Book Broker: an interview with Jane Dystel

Book Broker: an interview with literary agent Jane Dystel

 

Agent: Jane Dystel

Website: https://www.dystel.com/jane-dystel

Preferred genres:  

Women's commercial fiction and Big Think nonfiction. 

Bio:

Jane Dystel, president of Dystel, Goderich & Bourret, has been an agent since 1986. Her publishing career began at Bantam Books. She then moved to Grosset & Dunlap, where she was a managing editor and later an acquisitions editor. From there, she went on to become Publisher of World Almanac Publications, where she created her own imprint. When she joined the agency that would soon become Acton and Dystel Inc., she quickly developed a reputation for honesty, forthrightness, hard work, and real commitment to her authors and their writing careers. In 1994, with a growing roster of clients, she founded Jane Dystel Literary Management, which became Dystel & Goderich Literary Management in 2003, and Dystel, Goderich & Bourret in 2016. Born in Chicago, Jane grew up in Rye, New York. She is the daughter of publishing legend Oscar Dystel, who headed Bantam Books for more than a quarter of a century. In her teens, she was an accomplished figure skater. Jane received her BA from New York University and attended Georgetown Law School for one year before leaving for her first job in publishing. She has an abiding interest in legal subjects. She is married to Steven Schwinder and has a daughter, Jessica, and a son, Zachary. She lives in New York City with her husband and two dachshunds, and is a tenacious golfer.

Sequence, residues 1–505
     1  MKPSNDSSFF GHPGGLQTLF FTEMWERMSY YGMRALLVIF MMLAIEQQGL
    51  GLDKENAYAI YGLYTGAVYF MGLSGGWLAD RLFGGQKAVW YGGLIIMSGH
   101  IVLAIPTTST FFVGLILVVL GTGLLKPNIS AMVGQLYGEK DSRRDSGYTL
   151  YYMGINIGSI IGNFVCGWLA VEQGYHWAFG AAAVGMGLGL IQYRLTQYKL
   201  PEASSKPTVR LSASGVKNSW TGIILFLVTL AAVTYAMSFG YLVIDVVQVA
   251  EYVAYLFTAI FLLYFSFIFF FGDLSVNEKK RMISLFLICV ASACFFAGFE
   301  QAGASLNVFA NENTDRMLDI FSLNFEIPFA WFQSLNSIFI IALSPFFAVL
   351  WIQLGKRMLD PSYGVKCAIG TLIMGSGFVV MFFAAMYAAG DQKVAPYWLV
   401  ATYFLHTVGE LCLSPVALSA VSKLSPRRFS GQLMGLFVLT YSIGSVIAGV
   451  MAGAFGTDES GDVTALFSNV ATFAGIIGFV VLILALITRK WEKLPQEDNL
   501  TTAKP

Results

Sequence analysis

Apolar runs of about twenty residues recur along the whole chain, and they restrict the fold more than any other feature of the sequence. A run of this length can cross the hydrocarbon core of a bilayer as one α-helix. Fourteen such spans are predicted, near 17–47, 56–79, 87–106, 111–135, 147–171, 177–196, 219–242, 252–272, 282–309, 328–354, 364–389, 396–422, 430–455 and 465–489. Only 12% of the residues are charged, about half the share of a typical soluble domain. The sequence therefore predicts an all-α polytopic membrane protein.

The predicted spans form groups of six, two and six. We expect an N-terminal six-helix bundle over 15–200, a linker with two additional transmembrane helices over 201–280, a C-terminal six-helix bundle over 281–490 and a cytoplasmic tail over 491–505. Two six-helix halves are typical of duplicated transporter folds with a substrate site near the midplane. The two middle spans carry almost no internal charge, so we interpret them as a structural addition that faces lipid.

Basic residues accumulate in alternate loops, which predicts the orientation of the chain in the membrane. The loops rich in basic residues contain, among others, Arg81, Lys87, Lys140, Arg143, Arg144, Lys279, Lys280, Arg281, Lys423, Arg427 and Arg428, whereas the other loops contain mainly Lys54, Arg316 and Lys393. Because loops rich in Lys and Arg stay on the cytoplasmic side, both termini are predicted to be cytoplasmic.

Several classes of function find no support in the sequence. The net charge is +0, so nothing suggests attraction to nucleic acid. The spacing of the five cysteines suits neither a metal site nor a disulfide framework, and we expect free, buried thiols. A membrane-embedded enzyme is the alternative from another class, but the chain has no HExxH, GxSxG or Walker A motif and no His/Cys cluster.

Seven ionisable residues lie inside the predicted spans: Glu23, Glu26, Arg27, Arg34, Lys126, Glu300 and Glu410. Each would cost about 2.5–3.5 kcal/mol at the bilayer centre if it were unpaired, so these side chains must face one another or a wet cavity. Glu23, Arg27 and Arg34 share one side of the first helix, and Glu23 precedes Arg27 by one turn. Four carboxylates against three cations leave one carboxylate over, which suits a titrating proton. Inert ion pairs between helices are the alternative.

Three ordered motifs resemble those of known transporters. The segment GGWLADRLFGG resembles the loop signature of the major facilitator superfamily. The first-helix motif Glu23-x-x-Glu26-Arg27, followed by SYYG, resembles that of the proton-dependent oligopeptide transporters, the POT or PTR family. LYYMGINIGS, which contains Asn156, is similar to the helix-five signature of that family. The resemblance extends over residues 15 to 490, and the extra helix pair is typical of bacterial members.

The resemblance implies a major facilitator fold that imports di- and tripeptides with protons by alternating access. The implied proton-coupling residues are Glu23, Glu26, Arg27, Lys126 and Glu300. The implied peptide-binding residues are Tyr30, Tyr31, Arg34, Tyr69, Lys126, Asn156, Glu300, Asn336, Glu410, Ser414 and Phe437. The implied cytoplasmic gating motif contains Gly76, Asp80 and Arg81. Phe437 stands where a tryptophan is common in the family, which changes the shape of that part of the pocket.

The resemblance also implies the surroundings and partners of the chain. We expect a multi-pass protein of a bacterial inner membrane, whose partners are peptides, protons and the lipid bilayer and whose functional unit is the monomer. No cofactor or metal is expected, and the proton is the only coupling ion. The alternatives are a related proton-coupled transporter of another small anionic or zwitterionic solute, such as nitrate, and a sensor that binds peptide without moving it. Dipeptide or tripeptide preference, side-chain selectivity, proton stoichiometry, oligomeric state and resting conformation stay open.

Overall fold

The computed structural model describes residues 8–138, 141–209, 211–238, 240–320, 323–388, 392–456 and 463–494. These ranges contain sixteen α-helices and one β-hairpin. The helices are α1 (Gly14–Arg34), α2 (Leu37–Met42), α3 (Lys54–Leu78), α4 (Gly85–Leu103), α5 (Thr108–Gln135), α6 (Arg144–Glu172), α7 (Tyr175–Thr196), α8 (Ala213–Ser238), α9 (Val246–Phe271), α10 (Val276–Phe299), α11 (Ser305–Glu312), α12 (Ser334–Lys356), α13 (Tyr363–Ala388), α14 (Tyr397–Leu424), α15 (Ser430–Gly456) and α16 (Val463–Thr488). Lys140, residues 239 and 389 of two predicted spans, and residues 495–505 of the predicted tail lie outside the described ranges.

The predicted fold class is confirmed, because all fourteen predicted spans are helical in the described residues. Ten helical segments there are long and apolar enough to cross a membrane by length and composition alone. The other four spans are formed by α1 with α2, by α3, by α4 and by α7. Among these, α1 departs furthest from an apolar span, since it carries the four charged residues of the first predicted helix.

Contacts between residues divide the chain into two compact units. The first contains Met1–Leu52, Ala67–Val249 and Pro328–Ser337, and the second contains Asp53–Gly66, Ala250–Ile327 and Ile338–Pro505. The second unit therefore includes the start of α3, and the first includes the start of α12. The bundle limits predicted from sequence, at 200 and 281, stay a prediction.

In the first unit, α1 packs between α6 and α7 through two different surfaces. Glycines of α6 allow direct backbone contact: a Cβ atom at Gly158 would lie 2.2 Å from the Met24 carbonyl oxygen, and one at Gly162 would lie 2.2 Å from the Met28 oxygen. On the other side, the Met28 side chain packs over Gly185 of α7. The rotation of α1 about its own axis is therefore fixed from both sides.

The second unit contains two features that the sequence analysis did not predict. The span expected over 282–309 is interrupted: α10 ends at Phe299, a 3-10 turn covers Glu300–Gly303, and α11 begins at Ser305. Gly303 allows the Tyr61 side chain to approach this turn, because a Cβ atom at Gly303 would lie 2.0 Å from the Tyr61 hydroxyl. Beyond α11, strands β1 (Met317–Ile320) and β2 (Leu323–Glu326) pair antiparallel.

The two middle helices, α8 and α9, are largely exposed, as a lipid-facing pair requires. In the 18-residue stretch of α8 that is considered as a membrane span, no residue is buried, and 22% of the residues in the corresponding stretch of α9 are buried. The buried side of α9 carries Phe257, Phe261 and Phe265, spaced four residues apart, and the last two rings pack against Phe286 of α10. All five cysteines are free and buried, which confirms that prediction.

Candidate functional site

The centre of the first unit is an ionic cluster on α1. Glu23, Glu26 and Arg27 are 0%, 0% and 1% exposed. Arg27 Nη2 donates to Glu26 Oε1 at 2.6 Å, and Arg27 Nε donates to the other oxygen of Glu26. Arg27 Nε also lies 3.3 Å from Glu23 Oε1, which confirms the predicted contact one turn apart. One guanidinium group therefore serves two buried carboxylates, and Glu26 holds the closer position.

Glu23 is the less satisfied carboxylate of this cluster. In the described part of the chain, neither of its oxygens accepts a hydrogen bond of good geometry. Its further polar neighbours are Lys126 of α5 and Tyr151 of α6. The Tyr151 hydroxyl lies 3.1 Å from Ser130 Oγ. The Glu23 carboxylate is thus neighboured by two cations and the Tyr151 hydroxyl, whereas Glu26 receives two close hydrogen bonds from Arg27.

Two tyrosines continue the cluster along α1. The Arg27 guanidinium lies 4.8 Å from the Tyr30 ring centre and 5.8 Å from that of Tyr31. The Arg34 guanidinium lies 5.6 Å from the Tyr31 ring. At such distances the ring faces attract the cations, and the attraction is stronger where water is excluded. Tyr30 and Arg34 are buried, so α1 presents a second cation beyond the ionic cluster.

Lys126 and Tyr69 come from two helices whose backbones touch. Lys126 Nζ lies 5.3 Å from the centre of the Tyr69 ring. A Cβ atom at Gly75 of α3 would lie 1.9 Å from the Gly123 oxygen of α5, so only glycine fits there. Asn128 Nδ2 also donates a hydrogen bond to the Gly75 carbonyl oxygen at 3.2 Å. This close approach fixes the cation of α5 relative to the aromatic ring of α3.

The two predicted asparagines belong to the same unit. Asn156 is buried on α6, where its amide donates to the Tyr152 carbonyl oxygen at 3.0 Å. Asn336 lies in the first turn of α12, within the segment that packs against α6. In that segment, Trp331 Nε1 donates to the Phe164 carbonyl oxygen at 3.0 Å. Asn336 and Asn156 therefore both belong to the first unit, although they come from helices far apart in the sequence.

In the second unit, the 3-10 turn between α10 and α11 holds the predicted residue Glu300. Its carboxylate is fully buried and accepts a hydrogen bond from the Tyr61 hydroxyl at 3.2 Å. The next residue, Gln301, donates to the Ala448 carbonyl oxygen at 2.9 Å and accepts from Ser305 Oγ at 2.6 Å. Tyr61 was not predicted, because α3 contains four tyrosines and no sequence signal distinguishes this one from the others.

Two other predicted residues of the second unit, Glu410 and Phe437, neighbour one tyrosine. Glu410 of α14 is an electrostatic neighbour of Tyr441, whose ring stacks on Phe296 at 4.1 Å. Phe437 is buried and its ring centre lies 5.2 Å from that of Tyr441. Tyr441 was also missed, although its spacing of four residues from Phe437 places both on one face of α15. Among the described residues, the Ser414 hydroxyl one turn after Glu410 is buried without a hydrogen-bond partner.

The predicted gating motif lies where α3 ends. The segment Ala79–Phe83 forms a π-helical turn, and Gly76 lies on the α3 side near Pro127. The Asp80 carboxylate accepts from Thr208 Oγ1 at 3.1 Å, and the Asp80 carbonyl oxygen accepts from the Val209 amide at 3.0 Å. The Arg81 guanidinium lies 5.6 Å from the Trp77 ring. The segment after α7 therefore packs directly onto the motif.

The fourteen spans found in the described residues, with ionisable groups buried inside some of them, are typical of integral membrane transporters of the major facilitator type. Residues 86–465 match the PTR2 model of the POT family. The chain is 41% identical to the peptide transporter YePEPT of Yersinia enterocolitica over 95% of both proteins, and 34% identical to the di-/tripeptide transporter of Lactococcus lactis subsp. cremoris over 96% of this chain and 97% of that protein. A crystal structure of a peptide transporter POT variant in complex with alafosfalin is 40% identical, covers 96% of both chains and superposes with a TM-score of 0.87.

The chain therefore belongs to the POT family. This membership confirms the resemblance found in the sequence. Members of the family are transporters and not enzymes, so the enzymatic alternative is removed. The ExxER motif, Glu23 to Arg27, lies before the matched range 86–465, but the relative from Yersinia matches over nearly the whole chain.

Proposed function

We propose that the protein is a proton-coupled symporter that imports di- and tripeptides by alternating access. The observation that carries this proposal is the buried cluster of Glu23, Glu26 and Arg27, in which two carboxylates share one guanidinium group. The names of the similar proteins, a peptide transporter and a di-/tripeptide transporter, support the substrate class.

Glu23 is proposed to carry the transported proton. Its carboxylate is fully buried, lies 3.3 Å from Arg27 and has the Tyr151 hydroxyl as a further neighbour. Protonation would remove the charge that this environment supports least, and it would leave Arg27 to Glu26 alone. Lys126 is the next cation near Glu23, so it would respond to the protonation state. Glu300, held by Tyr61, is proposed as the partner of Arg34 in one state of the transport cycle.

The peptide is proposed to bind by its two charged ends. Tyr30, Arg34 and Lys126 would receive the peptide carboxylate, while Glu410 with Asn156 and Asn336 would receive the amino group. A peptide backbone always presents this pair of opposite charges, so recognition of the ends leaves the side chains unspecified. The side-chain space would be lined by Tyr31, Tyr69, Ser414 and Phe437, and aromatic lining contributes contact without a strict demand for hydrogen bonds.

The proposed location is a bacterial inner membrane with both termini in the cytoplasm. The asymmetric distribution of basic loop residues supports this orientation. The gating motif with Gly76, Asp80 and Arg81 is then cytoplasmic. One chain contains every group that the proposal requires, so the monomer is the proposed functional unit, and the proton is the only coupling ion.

1) What stands out in a good submission?

A “good”submission (of non-fiction) consists of a letter briefly describing the idea (which should be original), the author's qualifications (including all social media numbers), and who the potential readers will be.

2) What's a typical warning sign that a manuscript isn't ready for representation?  

Poorly written query, lack of qualifications, and a lack or originality.

3) What advice can you give to writers who are submitting their work?  

They should really think about what they want to write about, whether they have the qualifications to write on this subject, including substantial social media, and whether there is already significant competition. 

4)  Approximately how many query letters do you receive per year? Of those, how many will you respond to with a request for a full manuscript? And of those, how many are likely to receive an offer of representation?

Our agency receives hundreds of query letters a year.  I ask to read about 50% of them and of that percentage I might reach out to three or four people to ask them to come with us.

5) What is your strategy for a client whose manuscript isn't selling?

If we don’t sell, I send the author the reactions to see if he or she wants to do an update and then go on to a second round.  I do the same for fiction, although that is more difficult as fiction is so subjective.

6) Can you tell us about an exciting author you're working with at the moment?

Yes, I am working with a former producer of THIS AMERICAN LIFE, Stephanie Foo, on her memoir of sorts.  I am very excited about this.  I am also working with Naomi Wolf on some exciting new projects and Tayari Jones who is always exciting.

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